❯ In April of 2014, a new indoor teaching center was completed at Westchester Country Club in Rye, New York (pictured ). This past winter marked the first time the club was able to offer members lessons and practice opportunities during the cold-weather months. “We had two teachers onsite all winter, and their lesson books were filled about 75 percent of the time,” says John Kennedy Jr., Westchester’s PGA director of golf. “Prior to this, we did zero lessons during this time. So it’s a benefit to the teachers in the form of increased revenue, and we’re offering a new service to the members.” Before the indoor teaching structure, some Westchester members would take lessons and practice at other New York City indoor facilities, but now they’ve brought that business back to the club. “It helps our bottom-line and enhances the experience of being a club member,” he adds.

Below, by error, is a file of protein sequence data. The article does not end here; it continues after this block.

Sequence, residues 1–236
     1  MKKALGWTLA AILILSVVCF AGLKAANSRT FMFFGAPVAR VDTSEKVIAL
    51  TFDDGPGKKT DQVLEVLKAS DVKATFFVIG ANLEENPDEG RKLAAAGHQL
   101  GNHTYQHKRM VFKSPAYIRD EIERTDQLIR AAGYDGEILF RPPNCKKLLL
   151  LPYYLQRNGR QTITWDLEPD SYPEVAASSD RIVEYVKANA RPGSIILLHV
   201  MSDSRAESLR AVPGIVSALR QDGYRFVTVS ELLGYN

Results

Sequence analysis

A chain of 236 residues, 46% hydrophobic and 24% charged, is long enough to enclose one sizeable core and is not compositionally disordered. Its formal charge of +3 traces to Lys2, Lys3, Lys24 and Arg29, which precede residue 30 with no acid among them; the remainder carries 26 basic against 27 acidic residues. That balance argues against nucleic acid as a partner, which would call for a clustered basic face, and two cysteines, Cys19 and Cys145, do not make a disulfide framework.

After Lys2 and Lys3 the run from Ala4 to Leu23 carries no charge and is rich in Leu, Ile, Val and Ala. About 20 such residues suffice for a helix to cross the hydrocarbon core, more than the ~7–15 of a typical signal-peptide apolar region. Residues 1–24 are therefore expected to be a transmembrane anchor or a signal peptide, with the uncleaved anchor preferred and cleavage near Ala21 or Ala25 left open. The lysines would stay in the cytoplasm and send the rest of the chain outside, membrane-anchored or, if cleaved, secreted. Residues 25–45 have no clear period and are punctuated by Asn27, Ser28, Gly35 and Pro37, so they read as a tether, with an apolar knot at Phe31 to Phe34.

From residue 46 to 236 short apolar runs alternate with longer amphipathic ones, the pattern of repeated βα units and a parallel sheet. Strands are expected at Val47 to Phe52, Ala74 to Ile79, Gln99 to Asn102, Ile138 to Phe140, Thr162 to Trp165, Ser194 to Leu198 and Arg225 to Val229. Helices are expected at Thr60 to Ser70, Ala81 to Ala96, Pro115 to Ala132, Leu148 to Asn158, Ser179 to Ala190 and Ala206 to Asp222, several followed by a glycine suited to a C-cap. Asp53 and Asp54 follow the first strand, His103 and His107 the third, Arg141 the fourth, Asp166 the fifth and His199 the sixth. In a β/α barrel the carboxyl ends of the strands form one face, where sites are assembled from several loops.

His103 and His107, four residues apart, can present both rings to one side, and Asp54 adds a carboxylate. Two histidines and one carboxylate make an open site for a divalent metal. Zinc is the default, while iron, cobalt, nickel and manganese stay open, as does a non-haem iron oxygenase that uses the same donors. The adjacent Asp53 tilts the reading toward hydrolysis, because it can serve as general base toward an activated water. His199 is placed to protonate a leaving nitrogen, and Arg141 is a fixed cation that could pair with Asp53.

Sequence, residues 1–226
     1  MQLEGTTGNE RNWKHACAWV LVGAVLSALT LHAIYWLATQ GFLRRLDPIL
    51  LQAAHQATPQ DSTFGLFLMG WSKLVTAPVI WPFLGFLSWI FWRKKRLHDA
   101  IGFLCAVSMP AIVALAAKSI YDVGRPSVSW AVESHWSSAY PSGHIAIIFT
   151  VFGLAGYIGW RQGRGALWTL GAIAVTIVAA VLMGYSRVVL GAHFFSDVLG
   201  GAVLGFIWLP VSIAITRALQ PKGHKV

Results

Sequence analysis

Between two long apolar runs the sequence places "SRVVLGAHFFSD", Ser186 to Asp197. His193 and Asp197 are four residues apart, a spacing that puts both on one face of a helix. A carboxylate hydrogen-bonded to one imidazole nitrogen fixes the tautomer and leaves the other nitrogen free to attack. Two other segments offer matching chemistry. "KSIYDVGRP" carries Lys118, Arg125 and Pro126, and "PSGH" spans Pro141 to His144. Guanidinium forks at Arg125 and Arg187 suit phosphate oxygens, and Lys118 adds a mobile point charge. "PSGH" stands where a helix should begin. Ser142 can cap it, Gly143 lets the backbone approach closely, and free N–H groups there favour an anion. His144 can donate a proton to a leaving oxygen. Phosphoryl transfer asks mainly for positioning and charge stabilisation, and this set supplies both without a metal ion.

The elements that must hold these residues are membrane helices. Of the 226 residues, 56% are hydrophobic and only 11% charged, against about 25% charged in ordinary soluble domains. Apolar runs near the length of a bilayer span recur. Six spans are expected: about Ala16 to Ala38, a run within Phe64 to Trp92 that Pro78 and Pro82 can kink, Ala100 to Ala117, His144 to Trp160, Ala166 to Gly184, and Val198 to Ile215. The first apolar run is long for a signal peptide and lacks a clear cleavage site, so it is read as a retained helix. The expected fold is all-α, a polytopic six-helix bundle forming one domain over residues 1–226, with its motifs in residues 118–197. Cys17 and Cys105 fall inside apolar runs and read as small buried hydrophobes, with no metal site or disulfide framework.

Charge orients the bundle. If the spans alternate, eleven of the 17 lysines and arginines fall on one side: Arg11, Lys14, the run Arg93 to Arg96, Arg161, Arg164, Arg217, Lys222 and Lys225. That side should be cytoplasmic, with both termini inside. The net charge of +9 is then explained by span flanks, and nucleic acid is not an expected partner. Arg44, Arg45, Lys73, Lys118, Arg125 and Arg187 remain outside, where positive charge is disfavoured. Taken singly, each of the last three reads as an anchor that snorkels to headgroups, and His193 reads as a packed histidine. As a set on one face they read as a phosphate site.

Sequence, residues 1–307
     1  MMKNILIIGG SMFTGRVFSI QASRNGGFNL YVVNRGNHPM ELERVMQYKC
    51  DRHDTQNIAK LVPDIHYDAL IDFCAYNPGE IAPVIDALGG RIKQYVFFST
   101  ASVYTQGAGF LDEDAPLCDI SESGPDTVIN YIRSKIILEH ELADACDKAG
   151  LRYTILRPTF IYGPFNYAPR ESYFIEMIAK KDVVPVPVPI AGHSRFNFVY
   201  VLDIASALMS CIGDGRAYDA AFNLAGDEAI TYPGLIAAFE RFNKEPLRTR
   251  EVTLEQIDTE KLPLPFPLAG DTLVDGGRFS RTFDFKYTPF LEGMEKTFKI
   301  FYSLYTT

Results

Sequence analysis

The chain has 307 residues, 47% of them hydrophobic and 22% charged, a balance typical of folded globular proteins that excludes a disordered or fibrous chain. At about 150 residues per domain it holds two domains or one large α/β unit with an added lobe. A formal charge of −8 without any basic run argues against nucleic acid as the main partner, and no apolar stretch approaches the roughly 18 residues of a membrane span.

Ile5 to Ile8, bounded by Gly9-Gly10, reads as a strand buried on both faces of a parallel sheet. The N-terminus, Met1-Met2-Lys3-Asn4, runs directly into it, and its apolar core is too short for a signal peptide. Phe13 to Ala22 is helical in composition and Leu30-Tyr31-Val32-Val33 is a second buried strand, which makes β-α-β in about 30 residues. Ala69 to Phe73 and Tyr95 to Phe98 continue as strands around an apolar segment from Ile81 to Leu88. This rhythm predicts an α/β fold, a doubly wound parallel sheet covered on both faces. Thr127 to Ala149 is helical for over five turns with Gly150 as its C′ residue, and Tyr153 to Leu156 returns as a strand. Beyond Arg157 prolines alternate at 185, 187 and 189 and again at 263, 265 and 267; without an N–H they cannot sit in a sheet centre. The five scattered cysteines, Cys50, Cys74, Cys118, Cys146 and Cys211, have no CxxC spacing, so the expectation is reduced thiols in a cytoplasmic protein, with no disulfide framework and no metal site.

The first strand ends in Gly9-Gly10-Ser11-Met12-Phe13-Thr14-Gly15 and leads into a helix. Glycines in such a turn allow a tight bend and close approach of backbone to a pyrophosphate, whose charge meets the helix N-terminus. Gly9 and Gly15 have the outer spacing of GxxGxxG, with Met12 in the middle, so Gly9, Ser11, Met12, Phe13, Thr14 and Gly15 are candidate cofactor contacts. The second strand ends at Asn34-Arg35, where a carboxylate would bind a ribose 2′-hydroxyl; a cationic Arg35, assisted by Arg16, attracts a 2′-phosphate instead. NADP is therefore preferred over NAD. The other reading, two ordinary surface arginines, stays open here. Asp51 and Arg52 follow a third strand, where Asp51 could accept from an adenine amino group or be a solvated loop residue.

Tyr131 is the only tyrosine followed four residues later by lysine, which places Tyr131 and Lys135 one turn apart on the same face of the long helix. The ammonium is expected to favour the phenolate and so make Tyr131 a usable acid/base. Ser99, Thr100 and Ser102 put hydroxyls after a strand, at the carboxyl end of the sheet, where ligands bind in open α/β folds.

❯ 29.6% of all practice facilities have covered areas. If you’re one of them, include your covers in marketing materials, especially during warm summer months.
❯ 24.9% of public facilities have covered hitting areas.
❯ 23.3 % of private facilities have covered hitting areas.
❯ 28.6% of resort facilities have covered hitting areas.
❯ 79.5% of stand-alone ranges have covered hitting areas.
❯ What’s the number one piece of technology used by successful golf teachers in 2014? Here’s a hint: You probably have one in your pocket right now.
- Mobile devices such as smart phones or tablets
- Swing analysis software such as V1 Sports or Swing Catalyst
- Launch monitors
- High speed video
- Motion analysis technology
Marketing Makes Dollars and Sense